For Auguste Rodin and Alberto Giacometti, academic drawing and sketching were an essential part of making a sculpture. The practice of drawing has been used since time immemorial by both classical and modern artists. If you fancy doing some drawing, we invite you to practice as if you were in an Academy.
Stephen Shore (New York, 1947) is one of the photographers whose influence has been most notable in the last three decades. The sense of renewal that his contributions to photographic language have brought about has never ceased to arouse interest in different generations of creators and for younger photographers he remains an indisputable point of reference.
One of his most famous works, American Surfaces, the result of a series of trips that the artist made through the United States between 1972 and 1973, shows his fascination for the things he came across on his travels. As a result, he decided to compile a very individual visual diary of his trip which does not feature spectacular views, memorable places or climactic moments but rather the things that are generally associated with the most quotidian of pursuits: roads, restaurants, hotels, the interiors and exteriors of houses, bathrooms, kitchens, fridges, decorations, food and people: family members, friends and strangers. He photographed all of this in a neutral, emotionless, apparently anonymous style, like the subject matter itself, consciously imitating the features of amateur aesthetics.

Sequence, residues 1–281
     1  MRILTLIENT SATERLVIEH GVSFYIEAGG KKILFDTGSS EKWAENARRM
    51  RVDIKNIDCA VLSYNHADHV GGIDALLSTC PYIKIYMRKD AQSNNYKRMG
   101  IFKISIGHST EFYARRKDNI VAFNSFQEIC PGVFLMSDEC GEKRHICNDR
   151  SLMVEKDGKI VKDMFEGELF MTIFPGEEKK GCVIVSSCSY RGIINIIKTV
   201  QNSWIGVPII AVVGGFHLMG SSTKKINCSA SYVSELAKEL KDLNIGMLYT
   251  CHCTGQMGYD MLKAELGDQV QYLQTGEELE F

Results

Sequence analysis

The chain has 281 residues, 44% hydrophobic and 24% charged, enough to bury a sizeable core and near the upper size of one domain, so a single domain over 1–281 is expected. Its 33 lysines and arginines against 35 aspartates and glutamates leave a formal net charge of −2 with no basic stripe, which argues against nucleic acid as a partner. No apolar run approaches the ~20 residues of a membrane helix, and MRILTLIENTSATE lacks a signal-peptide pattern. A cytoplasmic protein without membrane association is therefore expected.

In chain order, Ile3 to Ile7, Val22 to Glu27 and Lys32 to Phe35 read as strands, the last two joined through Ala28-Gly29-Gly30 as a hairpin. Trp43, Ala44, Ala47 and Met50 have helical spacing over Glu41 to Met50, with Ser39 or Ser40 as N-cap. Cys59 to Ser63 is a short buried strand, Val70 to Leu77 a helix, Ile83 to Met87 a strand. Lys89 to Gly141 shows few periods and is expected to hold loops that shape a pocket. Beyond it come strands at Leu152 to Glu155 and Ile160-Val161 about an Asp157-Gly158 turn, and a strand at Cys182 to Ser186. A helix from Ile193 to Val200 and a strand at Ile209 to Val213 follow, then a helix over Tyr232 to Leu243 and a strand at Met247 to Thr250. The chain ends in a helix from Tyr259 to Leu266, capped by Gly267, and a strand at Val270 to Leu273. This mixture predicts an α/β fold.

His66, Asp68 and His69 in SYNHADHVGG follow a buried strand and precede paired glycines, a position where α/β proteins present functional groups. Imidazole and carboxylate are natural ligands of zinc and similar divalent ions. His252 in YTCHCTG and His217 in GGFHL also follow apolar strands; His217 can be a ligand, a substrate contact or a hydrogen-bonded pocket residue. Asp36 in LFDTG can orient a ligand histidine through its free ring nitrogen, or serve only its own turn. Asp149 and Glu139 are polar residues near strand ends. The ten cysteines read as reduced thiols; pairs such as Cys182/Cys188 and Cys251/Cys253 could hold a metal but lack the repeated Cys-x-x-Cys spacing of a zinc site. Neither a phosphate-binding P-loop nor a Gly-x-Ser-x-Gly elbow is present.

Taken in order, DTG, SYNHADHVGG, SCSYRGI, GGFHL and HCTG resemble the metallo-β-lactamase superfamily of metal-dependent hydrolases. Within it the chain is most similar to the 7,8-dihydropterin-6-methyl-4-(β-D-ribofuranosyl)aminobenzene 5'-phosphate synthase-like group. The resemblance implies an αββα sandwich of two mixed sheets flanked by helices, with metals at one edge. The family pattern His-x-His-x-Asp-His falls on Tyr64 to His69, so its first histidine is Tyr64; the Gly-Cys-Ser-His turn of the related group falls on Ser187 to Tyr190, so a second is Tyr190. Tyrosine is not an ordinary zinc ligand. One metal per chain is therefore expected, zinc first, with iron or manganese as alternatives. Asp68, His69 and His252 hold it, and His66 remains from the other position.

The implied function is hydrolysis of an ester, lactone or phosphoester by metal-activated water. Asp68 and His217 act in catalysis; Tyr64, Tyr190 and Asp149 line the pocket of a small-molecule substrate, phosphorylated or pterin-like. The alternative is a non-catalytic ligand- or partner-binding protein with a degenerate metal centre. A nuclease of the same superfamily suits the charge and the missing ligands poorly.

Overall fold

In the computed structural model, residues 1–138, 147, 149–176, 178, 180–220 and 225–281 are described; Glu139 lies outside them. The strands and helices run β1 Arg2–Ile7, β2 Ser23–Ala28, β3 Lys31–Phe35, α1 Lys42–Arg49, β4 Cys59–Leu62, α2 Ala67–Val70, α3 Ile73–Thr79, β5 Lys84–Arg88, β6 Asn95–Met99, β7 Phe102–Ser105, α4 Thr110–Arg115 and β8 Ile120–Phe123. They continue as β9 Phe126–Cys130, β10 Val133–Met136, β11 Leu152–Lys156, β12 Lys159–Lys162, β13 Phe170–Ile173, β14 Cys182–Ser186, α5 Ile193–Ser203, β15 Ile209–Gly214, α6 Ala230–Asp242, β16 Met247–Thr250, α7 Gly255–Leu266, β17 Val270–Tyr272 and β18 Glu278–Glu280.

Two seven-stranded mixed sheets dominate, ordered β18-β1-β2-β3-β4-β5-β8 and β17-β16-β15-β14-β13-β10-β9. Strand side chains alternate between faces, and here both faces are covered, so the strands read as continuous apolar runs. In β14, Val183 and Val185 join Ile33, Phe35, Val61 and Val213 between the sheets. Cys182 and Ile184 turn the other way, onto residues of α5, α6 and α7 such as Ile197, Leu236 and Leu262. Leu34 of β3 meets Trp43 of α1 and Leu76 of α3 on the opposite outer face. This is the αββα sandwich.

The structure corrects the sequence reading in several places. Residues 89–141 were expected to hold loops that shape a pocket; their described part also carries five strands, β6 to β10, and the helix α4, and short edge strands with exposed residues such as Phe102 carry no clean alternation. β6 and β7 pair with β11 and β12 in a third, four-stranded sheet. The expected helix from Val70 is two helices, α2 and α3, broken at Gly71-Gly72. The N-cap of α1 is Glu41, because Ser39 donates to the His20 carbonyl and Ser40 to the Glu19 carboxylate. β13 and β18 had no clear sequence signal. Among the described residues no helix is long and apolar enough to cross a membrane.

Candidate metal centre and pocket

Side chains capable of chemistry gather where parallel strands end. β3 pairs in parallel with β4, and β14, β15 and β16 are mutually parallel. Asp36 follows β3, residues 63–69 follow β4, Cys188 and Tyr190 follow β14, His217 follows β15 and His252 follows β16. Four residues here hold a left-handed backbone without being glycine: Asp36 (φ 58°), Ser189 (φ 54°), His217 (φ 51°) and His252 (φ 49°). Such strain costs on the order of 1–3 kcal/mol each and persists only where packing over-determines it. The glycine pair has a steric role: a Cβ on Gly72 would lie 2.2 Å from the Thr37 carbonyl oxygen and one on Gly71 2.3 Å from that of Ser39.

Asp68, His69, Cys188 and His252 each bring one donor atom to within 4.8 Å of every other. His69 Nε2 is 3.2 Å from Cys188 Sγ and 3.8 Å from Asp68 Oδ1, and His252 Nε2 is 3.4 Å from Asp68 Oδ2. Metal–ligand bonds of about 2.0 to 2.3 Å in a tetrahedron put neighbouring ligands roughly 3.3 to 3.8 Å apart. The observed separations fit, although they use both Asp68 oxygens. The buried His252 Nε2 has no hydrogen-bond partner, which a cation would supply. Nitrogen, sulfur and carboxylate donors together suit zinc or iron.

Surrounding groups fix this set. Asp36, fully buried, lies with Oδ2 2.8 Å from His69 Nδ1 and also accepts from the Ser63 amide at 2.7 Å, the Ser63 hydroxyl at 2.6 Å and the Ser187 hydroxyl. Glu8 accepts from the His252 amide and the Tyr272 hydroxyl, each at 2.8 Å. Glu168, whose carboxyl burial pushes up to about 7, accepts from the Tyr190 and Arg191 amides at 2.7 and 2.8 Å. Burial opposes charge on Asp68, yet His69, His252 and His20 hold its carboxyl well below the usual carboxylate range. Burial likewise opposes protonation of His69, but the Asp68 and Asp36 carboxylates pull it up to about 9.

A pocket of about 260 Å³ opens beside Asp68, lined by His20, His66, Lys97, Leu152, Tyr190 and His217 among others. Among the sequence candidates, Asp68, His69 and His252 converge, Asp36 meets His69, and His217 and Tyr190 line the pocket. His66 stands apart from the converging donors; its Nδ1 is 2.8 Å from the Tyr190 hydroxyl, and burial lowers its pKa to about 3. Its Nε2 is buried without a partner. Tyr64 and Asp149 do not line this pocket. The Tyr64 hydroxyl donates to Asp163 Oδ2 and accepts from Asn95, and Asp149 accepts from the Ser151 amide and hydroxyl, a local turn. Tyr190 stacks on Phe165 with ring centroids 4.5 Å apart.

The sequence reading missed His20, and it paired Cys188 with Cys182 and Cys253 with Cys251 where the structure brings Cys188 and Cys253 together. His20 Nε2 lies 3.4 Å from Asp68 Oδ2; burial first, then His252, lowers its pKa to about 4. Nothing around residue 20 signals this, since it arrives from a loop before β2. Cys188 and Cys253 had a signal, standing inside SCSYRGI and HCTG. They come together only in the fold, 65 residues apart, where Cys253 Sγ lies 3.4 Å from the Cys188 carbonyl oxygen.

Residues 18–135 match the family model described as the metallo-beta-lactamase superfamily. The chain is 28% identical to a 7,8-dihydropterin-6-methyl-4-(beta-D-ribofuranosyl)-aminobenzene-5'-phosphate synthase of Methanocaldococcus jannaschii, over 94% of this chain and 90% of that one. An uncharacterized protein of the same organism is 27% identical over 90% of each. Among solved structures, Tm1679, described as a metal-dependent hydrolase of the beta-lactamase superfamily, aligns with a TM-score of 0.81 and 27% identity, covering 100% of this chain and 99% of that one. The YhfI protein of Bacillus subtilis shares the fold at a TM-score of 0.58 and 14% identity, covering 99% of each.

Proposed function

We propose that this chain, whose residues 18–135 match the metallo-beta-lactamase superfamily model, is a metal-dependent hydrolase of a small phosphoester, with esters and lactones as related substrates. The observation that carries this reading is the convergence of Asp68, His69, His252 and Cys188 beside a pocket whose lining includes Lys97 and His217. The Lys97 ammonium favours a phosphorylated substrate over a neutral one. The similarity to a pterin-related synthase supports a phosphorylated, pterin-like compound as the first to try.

In this search for what Shore has defined as snapshotness, which is best expressed precisely in what might be interpreted as a mistake or carelessness by the photographer, American Surfaces constitutes a direct question about the uses and modes of photographic languages; a reflection that would serve as a reference for other photographers. Meanwhile, it is this so-called “anti-style” or “style that seems to be devoid of style” that would cause Stephen Shore’s images to converge and overlay two apparently opposing trends in such a unique way: the documentary style (as defined by Walker Evans right around this time) and the emulation of the utilitarian and amateur aesthetic that proliferated among the artists who were beginning to use cameras for the first time in those years.
This week our suggestion is for you to take photos of the objects that form part of your everyday life, many of which are essential in your daily routine. Look around you and observe the simple, common, ordinary things that you use all the time without ever paying attention to them; take photos of them and share your best shots with us!